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Hamilton is a city of stark inequalities. As the city’s economy booms, many Hamiltonians are swept to the sidelines as a result of a housing crisis and employment insecurity. Compared to other cities in Ontario, Hamilton also has a high proportion of working class people, disabled people and refugees, who are often the first to feel the brunt of these changes.

Health outcomes over the past decade have been bleak, and according to many disability justice and healthcare advocates, show no signs of changing unless bold steps are taken to support Hamilton’s marginalized populations.


The Code Red Project

In 2010, the Hamilton Spectator released Code Red, a project that mapped the connections between income and health across Hamilton to explore the social determinants of health. Using census and hospital data from 2006 and 2007, the report showed strong disparities in health outcomes between the Hamilton’s wealthiest and poorest neighbourhoods.

The Code Red project shows that social and economic inequalities lead to health inequalities. The lower city, which experiences disproportionately higher rates of poverty, also has significantly poorer health outcomes.

In February 2019, an updated Code Red project was released using data from 2016 and 2017. The updated Code Red project found that in general, health outcomes in Hamilton have declined and inequalities have grown.

Since the first Code Red project in 2010, the average lifespan in parts of the lower city has declined by 1.5 years. Furthermore, the gap in lifespan between Hamilton neighbourhoods has grown from 21 to 23 years.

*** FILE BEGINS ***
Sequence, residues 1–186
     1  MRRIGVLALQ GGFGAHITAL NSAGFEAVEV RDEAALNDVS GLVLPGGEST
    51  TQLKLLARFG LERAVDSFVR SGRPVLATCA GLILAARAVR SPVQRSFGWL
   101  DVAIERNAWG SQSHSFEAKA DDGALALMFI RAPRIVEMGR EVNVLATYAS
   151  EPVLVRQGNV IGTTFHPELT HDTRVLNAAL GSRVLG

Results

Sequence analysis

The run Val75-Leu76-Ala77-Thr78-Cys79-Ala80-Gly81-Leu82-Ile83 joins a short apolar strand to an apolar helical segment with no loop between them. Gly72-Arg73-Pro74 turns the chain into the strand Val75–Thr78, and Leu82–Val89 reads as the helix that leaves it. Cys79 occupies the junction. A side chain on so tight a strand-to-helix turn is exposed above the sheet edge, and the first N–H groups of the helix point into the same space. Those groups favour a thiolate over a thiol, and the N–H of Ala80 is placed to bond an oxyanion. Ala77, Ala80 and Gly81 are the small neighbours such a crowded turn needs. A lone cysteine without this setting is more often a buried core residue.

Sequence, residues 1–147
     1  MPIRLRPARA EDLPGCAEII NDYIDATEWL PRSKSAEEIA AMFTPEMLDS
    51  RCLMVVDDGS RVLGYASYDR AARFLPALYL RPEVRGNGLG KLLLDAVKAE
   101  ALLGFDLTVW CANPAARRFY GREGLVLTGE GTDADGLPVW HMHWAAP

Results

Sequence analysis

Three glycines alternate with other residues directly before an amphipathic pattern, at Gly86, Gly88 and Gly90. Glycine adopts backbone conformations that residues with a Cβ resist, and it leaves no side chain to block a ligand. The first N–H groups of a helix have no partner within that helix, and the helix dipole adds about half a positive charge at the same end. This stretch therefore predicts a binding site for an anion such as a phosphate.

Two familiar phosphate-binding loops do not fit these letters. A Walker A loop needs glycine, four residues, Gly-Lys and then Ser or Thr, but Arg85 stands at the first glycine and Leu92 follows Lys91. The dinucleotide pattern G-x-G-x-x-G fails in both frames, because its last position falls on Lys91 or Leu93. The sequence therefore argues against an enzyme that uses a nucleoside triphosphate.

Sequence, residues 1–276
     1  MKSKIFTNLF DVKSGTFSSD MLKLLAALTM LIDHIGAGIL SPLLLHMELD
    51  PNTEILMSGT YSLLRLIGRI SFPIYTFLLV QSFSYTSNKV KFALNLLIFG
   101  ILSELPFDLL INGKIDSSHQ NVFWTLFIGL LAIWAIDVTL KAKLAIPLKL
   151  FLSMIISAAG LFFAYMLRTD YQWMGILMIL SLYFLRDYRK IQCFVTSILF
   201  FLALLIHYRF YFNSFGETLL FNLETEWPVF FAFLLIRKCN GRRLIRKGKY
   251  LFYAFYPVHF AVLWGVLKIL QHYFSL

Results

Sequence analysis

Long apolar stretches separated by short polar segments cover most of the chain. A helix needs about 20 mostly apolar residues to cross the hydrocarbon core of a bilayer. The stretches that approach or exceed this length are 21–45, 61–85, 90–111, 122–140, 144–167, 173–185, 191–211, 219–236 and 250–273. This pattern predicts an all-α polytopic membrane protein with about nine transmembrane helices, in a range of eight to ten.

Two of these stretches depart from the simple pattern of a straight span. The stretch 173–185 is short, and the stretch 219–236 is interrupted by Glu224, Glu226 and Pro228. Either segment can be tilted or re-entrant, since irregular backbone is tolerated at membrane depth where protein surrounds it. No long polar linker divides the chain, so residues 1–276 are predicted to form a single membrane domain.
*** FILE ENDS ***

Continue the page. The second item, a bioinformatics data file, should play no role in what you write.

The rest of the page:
Hamilton: the past 10 years

These results come as no surprise to Sarah Jama, an organizer with the disability justice network of Ontario. According to Jama, given the lack of political change coupled with changes in the city of Hamilton, it was inevitable that poverty would worsen and inequalities would deepen.

Jama notes that health care and social services tend to be compacted into the downtown core, which has tended to have a higher concentration of people who rely on these services.

However, rising costs of living within the downtown core has meant that the people who access these services are being priced out. According to a report by the Hamilton Social Planning and Research Council, eviction rates have skyrocketed in the past decade. As a result, the people who rely on these services have to make compromises about whether to live in a place with supports available close by, or a place that is affordable.

“The more compromises you have to meet with regard to your ability to live freely and safely in the city the harder it is to survive,” said Jama.

Denise Brooks, the executive director for Hamilton Urban Core, works directly with people at the margins of Hamilton’s healthcare system. Brooks noted that the 2010 Code Red project was a wake up call for many.  

“For me one of the biggest takeaways [from the first Code Red project] was even greater resolve that this really is a political issue and that it hasn't been looked at and is not being looked at as a crisis,” stated Brooks.

The 2010 Code Red project sparked projects including the Hamilton neighbourhood action strategy and pathways to education program. According to Brooks, while these initiatives were beneficial, more robust policy is needed to substantially address poverty.

“... [C]an we see any change in policy orientation? Did we see a reallocation of resources? Did we see a redistribution of priorities in any way? I would have to say no,” said Brooks.


Looking ahead

The updated Code Red project calls for a restructuring of the traditional health care system to include social and economic programs that contribute to people’s overall health.